Now…when I need to write, marketing drops significantly for a short period of time as I’m actually writing. But you’d be surprised how your blog readership and Twitter following, for example, will continue to grow anyway–because of the work you’ve done before.

    Great article…as usual.

    • Thanks Nina! Yes, a new book does warrant a little more time to devote to marketing when it’s released. This article is more about how much time in general should be spent on each while working on the next book. I always let a book breathe for a few months while marketing it before jumping into writing the next book. But when I’m writing a book, I still market the previous books. And the momentum built over time is awesome. :)

  2. Great post. My debut novel just came out on January 3rd and I’m one of those people you just described – full-time job, kids at home, writer, self-publisher. I’m glad to get insight on how best to divide my available hours. Thanks!

  3. It’s so easy to get caught up in all of extras that shape around the content itself. Last time I checked, it was still king. Good post Kristen thanks for sharing.

  4. As the author of several eBooks, I so agree. The writing of the ebook is only about 1/3 of the job. I am now looking for a good VA (had one but she just did not work out) to promote our books and the next one in the works.
    Listened to an interview the other day with Jack Canfield the other day who said that you need to start promoting your book long before you finish more than the draft. I’m trying it with my next ebook, Stop the Success Thieves.
    Thanks for sharing Kristen

    • Thanks for your comment Roberta! Jack is right. Traditional publishers start marketing a new title up to a year in advance of its release, with heavy marketing beginning six months before its release. Most authors don’t bother to market until the book is released, then wonder why they’re not getting much traction.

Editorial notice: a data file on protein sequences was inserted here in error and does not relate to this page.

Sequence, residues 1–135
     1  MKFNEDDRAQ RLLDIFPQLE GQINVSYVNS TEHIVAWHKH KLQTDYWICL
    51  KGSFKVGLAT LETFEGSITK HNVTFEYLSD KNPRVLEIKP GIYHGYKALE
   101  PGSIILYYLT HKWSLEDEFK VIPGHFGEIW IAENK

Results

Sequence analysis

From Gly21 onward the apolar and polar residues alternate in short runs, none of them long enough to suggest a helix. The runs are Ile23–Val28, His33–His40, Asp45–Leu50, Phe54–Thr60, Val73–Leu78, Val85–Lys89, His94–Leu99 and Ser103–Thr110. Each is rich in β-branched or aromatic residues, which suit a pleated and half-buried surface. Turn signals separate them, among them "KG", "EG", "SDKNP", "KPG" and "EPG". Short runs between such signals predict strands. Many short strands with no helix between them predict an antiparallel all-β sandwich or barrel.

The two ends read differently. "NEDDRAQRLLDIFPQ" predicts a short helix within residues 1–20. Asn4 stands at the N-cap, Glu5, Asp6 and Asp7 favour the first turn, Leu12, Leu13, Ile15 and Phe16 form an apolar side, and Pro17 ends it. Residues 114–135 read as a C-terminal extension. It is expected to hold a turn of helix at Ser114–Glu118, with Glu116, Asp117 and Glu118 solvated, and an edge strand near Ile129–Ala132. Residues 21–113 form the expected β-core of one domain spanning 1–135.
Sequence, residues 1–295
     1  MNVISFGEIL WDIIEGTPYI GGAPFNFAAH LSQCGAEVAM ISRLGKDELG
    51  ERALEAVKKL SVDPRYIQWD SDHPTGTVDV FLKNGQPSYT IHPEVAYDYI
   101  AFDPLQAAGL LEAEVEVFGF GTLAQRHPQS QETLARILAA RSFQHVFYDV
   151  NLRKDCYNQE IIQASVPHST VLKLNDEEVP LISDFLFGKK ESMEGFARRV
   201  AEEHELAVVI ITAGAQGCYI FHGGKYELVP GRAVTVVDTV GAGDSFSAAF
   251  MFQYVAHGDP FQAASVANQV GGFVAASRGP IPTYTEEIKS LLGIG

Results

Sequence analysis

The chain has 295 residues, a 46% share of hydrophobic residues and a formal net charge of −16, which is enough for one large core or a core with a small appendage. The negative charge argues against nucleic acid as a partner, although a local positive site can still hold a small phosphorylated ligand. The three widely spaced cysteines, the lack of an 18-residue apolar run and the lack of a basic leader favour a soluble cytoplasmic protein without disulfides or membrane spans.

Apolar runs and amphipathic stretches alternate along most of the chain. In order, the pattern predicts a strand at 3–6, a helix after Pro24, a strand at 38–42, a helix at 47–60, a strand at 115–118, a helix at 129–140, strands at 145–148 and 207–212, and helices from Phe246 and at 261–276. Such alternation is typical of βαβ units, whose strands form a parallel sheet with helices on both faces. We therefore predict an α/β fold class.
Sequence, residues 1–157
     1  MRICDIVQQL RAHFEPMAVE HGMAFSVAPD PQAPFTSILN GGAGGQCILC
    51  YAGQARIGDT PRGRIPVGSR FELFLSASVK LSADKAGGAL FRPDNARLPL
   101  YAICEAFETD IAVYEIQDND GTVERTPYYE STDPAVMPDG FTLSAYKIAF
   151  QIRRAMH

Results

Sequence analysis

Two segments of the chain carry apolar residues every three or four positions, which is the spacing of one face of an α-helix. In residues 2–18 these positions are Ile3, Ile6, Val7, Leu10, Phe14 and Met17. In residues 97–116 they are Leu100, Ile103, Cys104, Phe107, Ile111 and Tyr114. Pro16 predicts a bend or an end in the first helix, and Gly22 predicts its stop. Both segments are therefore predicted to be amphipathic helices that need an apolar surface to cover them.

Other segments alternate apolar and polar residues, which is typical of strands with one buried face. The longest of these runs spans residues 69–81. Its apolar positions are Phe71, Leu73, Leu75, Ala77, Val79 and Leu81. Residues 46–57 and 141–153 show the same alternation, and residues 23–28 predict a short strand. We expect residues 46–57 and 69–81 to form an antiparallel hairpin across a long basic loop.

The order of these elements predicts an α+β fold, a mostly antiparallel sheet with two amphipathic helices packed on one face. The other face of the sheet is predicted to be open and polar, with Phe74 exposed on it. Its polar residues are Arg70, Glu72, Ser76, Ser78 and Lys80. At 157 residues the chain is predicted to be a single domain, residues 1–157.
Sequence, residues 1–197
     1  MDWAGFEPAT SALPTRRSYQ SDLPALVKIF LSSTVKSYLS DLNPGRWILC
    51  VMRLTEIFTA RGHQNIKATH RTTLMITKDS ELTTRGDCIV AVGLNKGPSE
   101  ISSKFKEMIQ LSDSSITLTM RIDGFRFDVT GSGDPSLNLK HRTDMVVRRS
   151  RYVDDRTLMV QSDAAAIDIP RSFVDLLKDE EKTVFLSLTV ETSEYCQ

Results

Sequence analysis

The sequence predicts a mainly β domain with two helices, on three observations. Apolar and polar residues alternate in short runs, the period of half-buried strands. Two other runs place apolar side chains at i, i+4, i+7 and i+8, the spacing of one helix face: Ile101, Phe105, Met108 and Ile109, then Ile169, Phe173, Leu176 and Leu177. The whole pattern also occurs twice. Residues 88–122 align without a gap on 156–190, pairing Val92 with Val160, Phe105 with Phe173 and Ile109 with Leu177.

5. Excellent Kristen! Very well thought out and written. You’ve expressed well the dilemma writers feel about writing versus marketing. You provide some good food for thought in terms of how to balance these two necessities to success and survival. Your creative self has to expressed and your bills have to be paid.
    Great insight. Thanks for writing this and sharing your wisdom with us.

  6. I probably do about the 50/50 split, but a lot of my “marketing” includes blogging and article marketing, which is writing, too. Still, I would love to be able to spend only ten minutes a day marketing.

    I am going to do my first print ad in a mag. to sell my garden-related book. If it works, this will be the answer to my marketing conundrum!

    • Hi Emily,

      Spending time marketing can be time consuming, especially social media! You can also outsource some of the marketing if it gets to be too much. A good author VA is worth their weight in gold!

    • I hope the ad is productive for you, but putting all your eggs in one marketing basket isn’t usually the best idea. What works in marketing changes quickly depending on the medium so what works today, may not work in a few months because it gets over used. Doing multiple things is safer and better for long term. As Kristin said, if you need help to keep things going, nothing wrong with that.

  7. Brilliant, thank you! I had been feeling guilty for spending time marketing when I ‘should’ be writing. I need to stop ‘shoulding’ on myself!